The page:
It is hard to believe that we have been slipping into a drought in mid-April, but here we are. There is at least the chance for much needed rain this weekend. But if we miss out, then we are nearly guaranteed to fall below 50 percent of normal for the year next week. As you can see in the map to the right, we are not alone.
The latest U.S. Drought Monitor shows drought conditions have officially commenced from Baltimore due south into Southern Maryland, including eastern Prince George’s county and counties along the western shores of the Chesapeake Bay. East of the Bay, the drought has turned severe. (Northern and central Virginia - not pictured -are abnormally dry, but not yet in drought).
A spring drought is a bit sneaky since it is hard for us to think about watering yet and yet we must.
If you have trees, especially ones transplanted in the past 2 or 3 years, they need a good soaking unless this weekend is a drencher. Run a hose and let it run at a slow clip under it for 15 to 30 minutes if you can.
The problem with trees is that you can’t wait for them to show drought stress. If you do you are likely to have either a dead tree or one that is severely crippled. When it comes to other plants we can be a little more flexible in our planting and take advantage of some naturals at beating the dryness.
Just taking a tour of my garden this past weekend was a real eye opener as to some very common plants that hold up quite well to dry conditions. One of my discoveries was that plants that have denser root systems seem to hold up better. Part of it may be the water stored in these bulbs, tubers and rhizomes but they also have stored nutrients to supply to the plant when water transport from the soils is difficult. Of course, the most glaring example of this is all the tulips and daffodils that are blooming as happily as ever.
I only recently started planting these bulbs after a few years’ hiatus. I have to tell you the selection out there is tremendous. By selecting early, mid and late varieties you can have a blooming season that starts in late February with crocuses and snowbells, and runs through May with late tulips and allium. Just as those give up the ghost, the lilies kick in and they bloom from June to August. I tuck these beauties in every nook I can find. They are just about trouble free and withstand the dryness like all those bulbs.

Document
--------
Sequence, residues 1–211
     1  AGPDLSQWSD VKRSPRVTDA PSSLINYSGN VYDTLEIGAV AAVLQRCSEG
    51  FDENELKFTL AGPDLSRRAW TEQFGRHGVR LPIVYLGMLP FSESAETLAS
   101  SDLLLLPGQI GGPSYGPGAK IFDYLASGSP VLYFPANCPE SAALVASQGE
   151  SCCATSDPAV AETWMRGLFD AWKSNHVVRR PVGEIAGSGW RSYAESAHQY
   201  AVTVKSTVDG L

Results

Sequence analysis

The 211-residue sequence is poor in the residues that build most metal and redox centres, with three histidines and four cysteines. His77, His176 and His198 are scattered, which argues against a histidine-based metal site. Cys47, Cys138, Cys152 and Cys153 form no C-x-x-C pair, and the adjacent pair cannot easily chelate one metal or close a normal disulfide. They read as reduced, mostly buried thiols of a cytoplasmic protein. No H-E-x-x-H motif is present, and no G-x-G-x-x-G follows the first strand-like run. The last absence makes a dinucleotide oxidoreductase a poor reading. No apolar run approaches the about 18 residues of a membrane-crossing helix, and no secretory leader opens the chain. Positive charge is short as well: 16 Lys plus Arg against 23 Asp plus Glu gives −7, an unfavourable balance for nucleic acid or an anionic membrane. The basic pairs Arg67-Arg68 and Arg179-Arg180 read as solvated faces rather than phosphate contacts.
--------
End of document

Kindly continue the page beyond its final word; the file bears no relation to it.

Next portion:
Bulbs are not the only drought beating game in town. Some of the plants from our childhood were grown for just that reason. Iris is a prime example, (photo here) having a dense rhizome that grows along the surface. Peonies and day lilies have thickened tuberous roots that help them survive those dry spells much better than thinly rooted plants. In fact, cultural researchers looking for old farmsteads can often locate them by looking for beds of day lilies still going strong long after the structures are gone.
The huge variety of day lilies has something for just about everyone. My only pet peeve is how the market has been overrun by the Stella d’Oro type normally referred to as reblooming. It seems like more than half of the offerings are reblooming. I totally understand wanting a long bloom season but what I most appreciate about the more traditional ones is that their plethora of blooms that occur in about a three-week span. The rebloomers are just so much wimpier blooming. Even if it goes on all summer, it just isn’t eye-popping like the more traditional. OK, off my soap box but if you have similar strong feelings, let’s talk about it!
One more tuberous plant you may not be as familiar with is the Acanthus, affectionately known as “Bear’s Breeches”. They have a long history and in fact their leaves are chiseled into stone adorning ancient Greek and Roman architecture. The blooms come in summer and are a little like snap dragons on steroids. The spikes of blooms are about a foot or more tall and the blooms last nearly a month.
What are your favorite plants for holding up to the dryness? We need to know!